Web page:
When it first opened, Linda Ward and her husband ate dinner there regularly. When her husband died unexpectedly in a freak accident, Ward said she stopped leaving the house until her daughter, who was married to a manager at the Refectory at the time, coaxed her out of the house. “She said, 'You're not going to sit home and feel sorry for yourself,' so we used to go up there for happy hour to socialize and that's when I met Roy.”

They later married and held their reception at the Refectory. “We met in 1985, and were their first wedding in the new banquet room, Jan. 15, 1989.”

She likened the atmosphere to a big family. “It will always be my home away from home,” she said. “When I was single, it was like family, they all took care of me. I never had to worry when I was up there. I had great bartenders and management. I met many good, good people through the years.” She added, “People have been really loyal to that place. It's just like a little family. Once you're friends with people there, you're always their friend, even if you don't see them that often.”

Besides her grandson, who has worked there for seven years and has a baby on the way, Ward said she is concerned about the other employees' futures. “There are so many good employees there, [Chefs] Craig and Curly [Krieger] and Gary [King], and Ed [Olson], oh my gosh, he started when he was in high school.”

A Portland native, Stanley is a large man at 6 feet, 4 inches and more than 200 pounds. He was a three-sport varsity athlete at Centennial High School, where he met his high school sweetheart and future wife Cecile (CeeCee). She was head cheerleader; he was captain of the football team.

After graduating from Oregon State University in 1969 with a degree in Pharmacology, Stanley got a position with Fred Meyer.

After a few years behind the counter, Stanley said he began learning the construction business on the side, graduating to building homes in his spare time and on weekends, leaving his pharmacy job after nine years to build luxury homes full time.

The Stanleys have two children: Lisa, 38 and Jack, 48, who is in the restaurant business too.

In 2012, while in Arizona where they have a second home, Stanley said he contracted valley fever, an endemic fungal infection common in the southwest United States. In addition, last year he had surgeries to replace both hips and knees.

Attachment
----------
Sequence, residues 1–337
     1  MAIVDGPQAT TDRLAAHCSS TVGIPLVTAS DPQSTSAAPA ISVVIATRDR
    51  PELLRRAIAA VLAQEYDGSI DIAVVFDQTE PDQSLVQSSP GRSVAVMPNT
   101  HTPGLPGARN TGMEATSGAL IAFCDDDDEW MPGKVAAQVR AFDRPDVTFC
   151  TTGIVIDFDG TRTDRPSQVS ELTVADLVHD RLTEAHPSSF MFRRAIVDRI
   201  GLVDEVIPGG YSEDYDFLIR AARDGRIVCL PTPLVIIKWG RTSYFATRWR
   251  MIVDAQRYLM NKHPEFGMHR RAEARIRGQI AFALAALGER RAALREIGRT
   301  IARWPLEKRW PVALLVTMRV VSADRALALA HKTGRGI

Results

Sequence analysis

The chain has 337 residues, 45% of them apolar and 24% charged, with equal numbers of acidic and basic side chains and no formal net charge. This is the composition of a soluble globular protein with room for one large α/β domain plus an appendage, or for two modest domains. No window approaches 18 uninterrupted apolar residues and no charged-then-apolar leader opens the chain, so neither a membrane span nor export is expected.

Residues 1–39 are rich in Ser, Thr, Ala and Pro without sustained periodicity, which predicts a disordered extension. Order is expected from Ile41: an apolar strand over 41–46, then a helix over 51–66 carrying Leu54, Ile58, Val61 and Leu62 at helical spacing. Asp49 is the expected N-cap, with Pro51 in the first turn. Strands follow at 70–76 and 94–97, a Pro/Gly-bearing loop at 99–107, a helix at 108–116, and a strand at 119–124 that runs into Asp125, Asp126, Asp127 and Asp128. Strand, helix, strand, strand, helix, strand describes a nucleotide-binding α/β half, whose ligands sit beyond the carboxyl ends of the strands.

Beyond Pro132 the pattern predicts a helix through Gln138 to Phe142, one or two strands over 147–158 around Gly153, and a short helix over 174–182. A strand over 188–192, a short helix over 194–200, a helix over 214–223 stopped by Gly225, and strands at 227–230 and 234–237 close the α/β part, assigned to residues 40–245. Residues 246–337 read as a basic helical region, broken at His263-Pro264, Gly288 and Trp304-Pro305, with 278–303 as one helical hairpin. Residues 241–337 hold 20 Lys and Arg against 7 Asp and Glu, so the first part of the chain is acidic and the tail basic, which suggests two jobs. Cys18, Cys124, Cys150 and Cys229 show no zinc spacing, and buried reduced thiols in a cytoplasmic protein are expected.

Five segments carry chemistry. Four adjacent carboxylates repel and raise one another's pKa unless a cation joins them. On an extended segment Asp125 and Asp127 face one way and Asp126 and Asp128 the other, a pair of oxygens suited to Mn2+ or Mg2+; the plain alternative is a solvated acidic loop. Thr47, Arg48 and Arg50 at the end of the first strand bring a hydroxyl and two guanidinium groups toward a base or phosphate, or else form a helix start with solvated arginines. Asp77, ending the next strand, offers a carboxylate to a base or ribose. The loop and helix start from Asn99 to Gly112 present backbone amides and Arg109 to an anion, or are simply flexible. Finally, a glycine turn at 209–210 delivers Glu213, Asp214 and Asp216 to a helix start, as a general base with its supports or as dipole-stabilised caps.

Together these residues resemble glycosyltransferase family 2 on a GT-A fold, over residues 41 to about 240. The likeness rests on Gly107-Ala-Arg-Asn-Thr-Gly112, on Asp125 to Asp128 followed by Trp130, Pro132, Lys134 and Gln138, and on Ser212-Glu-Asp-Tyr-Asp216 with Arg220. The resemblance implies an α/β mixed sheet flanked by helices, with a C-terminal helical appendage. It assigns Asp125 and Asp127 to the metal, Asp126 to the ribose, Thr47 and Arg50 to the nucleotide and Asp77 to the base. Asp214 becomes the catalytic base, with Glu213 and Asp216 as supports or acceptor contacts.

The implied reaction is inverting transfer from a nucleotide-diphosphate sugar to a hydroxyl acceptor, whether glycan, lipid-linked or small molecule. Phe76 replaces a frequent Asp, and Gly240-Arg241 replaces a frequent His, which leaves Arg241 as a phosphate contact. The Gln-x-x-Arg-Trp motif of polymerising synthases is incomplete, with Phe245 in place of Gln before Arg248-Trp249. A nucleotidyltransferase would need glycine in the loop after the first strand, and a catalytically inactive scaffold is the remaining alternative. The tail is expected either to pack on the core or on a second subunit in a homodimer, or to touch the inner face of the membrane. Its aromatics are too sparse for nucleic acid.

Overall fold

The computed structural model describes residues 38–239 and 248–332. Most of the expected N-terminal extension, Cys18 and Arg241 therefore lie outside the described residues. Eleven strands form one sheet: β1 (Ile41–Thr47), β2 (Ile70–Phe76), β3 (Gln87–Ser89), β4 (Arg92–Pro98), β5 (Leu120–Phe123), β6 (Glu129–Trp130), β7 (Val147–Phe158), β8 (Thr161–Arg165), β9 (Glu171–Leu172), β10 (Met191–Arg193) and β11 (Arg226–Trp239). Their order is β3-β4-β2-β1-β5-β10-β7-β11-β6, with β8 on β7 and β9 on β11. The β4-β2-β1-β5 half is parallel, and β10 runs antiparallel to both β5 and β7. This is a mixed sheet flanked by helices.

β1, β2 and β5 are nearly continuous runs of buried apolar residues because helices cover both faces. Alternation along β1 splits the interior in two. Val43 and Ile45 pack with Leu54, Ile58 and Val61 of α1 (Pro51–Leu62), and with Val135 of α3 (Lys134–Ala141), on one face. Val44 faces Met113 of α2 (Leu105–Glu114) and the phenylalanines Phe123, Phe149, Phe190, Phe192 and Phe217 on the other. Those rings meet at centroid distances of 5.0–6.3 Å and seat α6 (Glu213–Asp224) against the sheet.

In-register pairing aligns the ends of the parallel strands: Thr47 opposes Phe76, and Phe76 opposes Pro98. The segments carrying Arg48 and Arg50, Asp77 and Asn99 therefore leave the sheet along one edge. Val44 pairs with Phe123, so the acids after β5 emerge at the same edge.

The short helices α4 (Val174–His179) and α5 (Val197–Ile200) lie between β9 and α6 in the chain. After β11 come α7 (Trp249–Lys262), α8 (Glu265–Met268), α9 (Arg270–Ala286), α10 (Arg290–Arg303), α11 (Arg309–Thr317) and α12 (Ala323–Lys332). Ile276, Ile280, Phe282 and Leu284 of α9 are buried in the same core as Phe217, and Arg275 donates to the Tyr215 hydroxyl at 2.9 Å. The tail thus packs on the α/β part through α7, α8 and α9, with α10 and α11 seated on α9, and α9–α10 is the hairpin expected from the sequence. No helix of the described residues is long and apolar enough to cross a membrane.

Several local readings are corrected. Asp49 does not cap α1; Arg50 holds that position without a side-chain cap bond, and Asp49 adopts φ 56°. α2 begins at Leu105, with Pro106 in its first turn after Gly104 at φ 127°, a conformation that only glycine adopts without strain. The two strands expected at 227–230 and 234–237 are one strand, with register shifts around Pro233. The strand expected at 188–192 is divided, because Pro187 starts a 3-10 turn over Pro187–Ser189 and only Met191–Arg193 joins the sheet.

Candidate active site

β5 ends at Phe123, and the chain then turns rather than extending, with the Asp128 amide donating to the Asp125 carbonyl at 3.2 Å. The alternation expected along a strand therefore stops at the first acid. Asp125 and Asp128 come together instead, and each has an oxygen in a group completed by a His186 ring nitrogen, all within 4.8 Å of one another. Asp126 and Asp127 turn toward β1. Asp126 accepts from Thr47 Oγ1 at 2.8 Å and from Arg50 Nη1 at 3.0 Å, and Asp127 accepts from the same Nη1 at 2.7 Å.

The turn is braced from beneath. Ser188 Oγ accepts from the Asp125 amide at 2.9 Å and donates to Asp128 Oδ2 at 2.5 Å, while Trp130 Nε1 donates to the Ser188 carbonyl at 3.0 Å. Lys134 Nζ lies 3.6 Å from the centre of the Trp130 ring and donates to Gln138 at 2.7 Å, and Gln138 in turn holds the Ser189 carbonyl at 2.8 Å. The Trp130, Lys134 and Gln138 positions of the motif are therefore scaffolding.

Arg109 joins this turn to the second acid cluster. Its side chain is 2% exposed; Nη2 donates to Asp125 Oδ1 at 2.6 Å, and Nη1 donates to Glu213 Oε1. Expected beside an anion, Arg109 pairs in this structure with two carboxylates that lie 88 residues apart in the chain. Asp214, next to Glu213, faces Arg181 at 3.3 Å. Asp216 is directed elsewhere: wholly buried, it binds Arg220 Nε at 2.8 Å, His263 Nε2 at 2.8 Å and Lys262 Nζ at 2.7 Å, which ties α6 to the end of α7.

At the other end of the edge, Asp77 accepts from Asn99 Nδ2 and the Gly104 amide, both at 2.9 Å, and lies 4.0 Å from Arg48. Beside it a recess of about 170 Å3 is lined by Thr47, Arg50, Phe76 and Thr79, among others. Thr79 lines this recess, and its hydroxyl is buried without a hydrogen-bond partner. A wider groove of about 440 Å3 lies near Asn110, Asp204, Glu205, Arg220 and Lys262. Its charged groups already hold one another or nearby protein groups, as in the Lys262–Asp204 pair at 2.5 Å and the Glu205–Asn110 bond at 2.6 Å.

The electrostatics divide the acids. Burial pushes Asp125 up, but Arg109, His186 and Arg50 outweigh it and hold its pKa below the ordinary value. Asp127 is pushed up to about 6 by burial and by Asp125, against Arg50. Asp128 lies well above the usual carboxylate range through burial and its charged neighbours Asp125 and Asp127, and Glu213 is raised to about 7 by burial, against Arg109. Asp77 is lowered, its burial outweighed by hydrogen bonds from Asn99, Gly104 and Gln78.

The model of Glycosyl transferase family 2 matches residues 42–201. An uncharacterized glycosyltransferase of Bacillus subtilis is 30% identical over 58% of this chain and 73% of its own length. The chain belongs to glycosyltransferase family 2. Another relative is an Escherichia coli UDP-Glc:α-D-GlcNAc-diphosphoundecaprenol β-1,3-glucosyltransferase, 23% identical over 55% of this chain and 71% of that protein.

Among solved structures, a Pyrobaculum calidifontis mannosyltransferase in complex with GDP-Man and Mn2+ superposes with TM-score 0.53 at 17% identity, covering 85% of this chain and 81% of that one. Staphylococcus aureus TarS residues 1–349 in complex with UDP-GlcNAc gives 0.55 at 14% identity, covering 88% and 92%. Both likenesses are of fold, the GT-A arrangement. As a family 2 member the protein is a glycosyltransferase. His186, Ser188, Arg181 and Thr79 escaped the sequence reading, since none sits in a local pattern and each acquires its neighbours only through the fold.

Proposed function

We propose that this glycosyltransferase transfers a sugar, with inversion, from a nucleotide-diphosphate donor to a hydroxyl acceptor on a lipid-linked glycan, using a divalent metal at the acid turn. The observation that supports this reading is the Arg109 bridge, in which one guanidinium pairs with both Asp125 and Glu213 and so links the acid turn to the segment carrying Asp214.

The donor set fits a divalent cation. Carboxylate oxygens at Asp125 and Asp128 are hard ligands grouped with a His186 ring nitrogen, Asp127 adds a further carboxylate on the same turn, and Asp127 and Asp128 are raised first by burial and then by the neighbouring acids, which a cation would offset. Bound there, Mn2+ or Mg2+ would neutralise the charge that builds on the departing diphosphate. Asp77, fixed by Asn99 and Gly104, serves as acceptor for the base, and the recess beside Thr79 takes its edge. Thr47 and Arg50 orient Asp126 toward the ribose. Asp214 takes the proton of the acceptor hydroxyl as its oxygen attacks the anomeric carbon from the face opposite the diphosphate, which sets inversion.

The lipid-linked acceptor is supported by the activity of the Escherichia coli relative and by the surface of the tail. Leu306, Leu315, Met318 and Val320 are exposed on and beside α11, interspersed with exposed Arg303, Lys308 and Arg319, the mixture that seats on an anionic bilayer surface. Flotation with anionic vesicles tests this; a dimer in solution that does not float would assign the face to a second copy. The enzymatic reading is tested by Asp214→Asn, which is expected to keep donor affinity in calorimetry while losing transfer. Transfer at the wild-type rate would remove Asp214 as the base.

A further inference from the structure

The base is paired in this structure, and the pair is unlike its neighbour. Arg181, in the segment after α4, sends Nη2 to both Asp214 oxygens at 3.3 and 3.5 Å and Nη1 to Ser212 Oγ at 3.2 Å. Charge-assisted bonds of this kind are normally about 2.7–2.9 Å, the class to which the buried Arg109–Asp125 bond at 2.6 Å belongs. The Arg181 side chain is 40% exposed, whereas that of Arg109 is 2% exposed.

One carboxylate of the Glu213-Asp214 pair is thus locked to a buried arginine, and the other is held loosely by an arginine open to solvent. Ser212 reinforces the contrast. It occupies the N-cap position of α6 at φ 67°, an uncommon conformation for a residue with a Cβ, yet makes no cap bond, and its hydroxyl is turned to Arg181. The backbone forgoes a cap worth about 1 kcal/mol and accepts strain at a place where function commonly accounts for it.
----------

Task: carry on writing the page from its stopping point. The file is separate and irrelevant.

Edited for space, Stanley sat down for an interview last month.
Q: Do you remember the first day you opened your doors?
A: Sure do.

Q: What was it like?
A: It was scary, and it was fun. I worked really hard, but it didn't seem like hard work … spent many hours … lots and lots of hours. But it didn't seem like work because every time I turned around I saw something I could make better. Coming from the aspect of being a custom builder, coming up with ideas, like coming up how to resection the restaurant with trick walls, or different things to make the servers more efficient, how to lay out stuff, how to take an order, designing the bar in such a way, bartenders could work faster and make service more efficient.
Those kinds of things were a lot of fun to do and very satisfying.

Q: What are the most common misperceptions people have about the restaurant business?
A: That you make a lot of money. But really, you don't. You can make some good money, but you have to do a lot of business to do it. And, it comes with many headaches. The biggest headaches we have here are the employees. But, they're also the biggest positive. Just like the customer. The customer is the biggest headache, [but] is also the biggest fun thing about it, the most enjoyable.

Q: Were you ever consumed completely with the business?
A: Yes, I spent a lot of time doing it. For the first three years, I'd get here at seven and go out the door at 2:30 in the morning ... a long time … seven days a week.

Q: What is the biggest difficulty you had to overcome in the hospitality business?
A: Controlling costs: food, labor and liquor.

Q: Have you always been this confident?